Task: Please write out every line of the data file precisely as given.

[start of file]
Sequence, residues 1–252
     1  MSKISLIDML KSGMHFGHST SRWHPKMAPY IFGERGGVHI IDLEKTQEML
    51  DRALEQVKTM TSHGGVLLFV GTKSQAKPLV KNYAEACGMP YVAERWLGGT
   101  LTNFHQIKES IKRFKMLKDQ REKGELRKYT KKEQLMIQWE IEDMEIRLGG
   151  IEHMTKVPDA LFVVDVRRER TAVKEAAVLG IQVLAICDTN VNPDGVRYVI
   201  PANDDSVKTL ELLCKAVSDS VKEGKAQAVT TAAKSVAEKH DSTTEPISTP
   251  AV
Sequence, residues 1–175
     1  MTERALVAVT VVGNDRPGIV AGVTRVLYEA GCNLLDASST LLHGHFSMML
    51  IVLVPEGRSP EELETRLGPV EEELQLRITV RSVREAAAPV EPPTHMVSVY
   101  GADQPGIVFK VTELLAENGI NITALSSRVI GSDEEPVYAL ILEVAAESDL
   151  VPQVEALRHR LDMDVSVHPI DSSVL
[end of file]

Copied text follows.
Sequence, residues 1–252
     1  MSKISLIDML KSGMHFGHST SRWHPKMAPY IFGERGGVHI IDLEKTQEML
    51  DRALEQVKTM TSHGGVLLFV GTKSQAKPLV KNYAEACGMP YVAERWLGGT
   101  LTNFHQIKES IKRFKMLKDQ REKGELRKYT KKEQLMIQWE IEDMEIRLGG
   151  IEHMTKVPDA LFVVDVRRER TAVKEAAVLG IQVLAICDTN VNPDGVRYVI
   201  PANDDSVKTL ELLCKAVSDS VKEGKAQAVT TAAKSVAEKH DSTTEPISTP
   251  AV
Sequence, residues 1–175
     1  MTERALVAVT VVGNDRPGIV AGVTRVLYEA GCNLLDASST LLHGHFSMML
    51  IVLVPEGRSP EELETRLGPV EEELQLRITV RSVREAAAPV EPPTHMVSVY
   101  GADQPGIVFK VTELLAENGI NITALSSRVI GSDEEPVYAL ILEVAAESDL
   151  VPQVEALRHR LDMDVSVHPI DSSVL